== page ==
In any recounting of the horrific deeds of Joseph Stalin, know this: You'd better settle in, because the list is long, painful to recite, and rife with incalculable suffering and death. Stalin grew his power as general secretary of the Communist Party of the Soviet Union in the early 1920s after the Russian Revolution. He later became the unquestioned and de facto dictator of the Soviet Union and was shockingly ruthless when it came to killing his people.
Yet it could be argued that Stalin was simply a product of his time, one of many cruel, evil men in the 20th century. In China, Mao Zedong killed millions, while tens of millions more Chinese died from starvation and suicide in the Great Leap Forward.
Stalin is often compared to Adolf Hitler, who killed some 6 million Jews in the Holocaust. In the Ottoman Empire in the early part of the 1900s, leaders carried out the near-genocide of millions of Armenians. Many millions died as the result of Japanese war crimes during World War II under Prime Minister Hideki Tojo and Emperor Hirohito.
Even in the Soviet Union, Stalin's predecessor, Vladimir Lenin, was unforgiving in leading his party through a brutal revolution that claimed some 9 million lives.
"The problem in teaching Stalinism," says Matthew Payne, a professor who specializes in teaching modern Russian and Soviet history at Emory University in Atlanta, "is how not to dismiss what was a very brutal regime while also contextualizing it in a very unstable part of world history. For me, it's always a question of, 'Did Stalin make the revolution, or did the revolution make Stalin?' Mostly, I would have to say the revolution made Stalin."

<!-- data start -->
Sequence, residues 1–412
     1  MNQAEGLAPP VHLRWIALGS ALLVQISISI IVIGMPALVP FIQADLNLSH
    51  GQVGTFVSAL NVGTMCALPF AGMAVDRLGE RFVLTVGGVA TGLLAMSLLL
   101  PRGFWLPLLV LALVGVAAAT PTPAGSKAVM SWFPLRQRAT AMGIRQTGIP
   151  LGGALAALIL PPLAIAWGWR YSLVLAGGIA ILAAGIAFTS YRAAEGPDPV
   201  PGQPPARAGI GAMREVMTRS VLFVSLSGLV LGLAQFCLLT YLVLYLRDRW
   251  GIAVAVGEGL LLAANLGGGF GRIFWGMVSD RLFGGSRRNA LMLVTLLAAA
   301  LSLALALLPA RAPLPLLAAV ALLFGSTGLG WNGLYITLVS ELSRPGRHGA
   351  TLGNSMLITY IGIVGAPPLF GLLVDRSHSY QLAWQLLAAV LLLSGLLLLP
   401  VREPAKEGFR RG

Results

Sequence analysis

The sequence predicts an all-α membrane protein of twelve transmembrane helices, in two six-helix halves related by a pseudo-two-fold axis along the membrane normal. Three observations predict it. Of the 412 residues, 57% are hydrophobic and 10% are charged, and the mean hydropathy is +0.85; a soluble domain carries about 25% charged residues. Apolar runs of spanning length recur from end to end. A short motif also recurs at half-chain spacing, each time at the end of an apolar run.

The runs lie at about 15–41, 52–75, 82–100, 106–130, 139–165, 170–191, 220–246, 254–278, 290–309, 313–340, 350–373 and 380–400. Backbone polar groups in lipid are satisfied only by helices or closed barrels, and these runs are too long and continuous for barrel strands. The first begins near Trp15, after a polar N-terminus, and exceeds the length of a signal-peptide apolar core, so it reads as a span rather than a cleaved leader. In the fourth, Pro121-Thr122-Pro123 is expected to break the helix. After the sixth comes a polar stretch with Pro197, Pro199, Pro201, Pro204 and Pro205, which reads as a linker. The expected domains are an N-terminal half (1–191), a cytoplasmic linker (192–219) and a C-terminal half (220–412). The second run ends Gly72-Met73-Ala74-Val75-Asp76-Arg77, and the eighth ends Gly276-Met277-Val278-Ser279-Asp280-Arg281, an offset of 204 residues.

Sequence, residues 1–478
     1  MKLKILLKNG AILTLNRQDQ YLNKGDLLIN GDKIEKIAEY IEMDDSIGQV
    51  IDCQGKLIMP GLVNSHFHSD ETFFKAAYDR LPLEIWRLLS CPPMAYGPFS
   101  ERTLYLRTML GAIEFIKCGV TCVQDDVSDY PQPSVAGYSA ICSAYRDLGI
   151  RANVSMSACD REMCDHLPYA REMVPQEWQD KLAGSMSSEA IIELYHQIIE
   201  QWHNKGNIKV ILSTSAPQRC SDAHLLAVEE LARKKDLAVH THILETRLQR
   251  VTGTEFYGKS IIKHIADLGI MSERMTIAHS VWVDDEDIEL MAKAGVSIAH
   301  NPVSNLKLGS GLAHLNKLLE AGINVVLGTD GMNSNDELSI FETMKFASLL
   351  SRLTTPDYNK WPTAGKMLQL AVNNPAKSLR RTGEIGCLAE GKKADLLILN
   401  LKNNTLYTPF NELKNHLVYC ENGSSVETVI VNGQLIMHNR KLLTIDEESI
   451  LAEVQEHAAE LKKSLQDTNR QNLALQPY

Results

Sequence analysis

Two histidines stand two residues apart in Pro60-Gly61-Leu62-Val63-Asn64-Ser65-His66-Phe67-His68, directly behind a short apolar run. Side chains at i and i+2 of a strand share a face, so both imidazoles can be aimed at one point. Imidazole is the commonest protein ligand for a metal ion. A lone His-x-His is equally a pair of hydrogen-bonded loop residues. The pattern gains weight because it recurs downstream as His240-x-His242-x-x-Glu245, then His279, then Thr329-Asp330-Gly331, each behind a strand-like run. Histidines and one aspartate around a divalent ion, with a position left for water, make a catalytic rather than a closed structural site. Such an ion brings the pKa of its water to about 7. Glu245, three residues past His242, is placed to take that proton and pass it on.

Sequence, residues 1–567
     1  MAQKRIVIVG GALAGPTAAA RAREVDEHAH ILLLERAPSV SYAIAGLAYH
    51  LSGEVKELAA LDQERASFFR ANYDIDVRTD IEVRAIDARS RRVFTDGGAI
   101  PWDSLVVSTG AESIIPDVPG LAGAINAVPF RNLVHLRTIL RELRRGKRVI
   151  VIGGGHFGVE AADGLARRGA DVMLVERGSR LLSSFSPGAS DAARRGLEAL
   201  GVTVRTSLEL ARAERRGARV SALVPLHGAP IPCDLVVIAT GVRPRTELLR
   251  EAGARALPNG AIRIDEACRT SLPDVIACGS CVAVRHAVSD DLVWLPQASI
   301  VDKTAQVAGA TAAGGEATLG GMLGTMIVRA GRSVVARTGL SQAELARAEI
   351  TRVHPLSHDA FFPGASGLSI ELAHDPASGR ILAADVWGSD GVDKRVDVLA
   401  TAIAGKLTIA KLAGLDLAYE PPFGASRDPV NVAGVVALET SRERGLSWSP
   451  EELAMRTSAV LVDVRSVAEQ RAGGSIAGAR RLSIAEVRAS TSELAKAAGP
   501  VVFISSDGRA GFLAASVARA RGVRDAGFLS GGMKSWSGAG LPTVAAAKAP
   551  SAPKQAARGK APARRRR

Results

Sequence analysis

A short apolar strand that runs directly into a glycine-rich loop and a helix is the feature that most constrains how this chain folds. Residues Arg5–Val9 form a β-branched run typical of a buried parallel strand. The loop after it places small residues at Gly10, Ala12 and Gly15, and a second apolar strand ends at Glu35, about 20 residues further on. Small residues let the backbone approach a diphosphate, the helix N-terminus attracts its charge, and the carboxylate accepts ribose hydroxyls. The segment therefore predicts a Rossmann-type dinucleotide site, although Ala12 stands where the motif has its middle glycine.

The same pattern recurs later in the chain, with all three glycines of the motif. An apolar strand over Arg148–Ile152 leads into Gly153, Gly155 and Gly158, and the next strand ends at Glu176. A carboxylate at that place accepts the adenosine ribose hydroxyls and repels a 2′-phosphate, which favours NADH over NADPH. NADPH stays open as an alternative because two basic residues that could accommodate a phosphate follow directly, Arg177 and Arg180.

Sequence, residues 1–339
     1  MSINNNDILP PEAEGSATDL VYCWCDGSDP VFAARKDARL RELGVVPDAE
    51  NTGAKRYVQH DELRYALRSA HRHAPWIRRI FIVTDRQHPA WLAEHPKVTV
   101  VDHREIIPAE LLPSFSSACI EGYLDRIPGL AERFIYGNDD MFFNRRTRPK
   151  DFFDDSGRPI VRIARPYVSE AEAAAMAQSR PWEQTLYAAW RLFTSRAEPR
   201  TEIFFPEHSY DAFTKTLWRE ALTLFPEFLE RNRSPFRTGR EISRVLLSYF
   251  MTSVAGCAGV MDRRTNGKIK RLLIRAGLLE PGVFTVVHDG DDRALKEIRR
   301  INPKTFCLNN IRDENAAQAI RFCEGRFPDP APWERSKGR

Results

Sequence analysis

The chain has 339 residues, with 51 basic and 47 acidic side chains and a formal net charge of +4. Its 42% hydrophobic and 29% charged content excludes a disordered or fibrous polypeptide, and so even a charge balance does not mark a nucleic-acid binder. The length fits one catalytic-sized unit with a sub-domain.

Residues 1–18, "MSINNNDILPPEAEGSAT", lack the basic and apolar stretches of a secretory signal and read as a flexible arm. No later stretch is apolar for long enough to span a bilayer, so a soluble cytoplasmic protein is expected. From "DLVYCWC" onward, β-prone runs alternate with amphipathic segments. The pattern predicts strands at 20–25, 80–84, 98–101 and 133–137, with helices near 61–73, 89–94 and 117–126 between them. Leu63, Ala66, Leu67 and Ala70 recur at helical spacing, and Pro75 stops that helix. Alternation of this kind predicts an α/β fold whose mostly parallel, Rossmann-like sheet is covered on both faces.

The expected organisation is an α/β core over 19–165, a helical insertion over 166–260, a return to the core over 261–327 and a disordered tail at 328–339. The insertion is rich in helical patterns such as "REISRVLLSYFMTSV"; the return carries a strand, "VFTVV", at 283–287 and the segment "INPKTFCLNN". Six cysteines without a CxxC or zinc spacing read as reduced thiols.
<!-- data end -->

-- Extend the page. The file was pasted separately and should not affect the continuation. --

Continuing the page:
Stalin clearly has his place among history's most murderous ideologues. The numbers of dead under Stalin's rule (what came to be known as Stalinism) are somewhat disputed, given the secretive and oft-times sketchy record-keeping during his terrorist reign. But through his direct order, millions in the Soviet Union died by execution, and more perished in labor camps. Millions more starved to death through his ill-conceived and often purposely cruel policies. Seven of the most heinous acts he committed are below.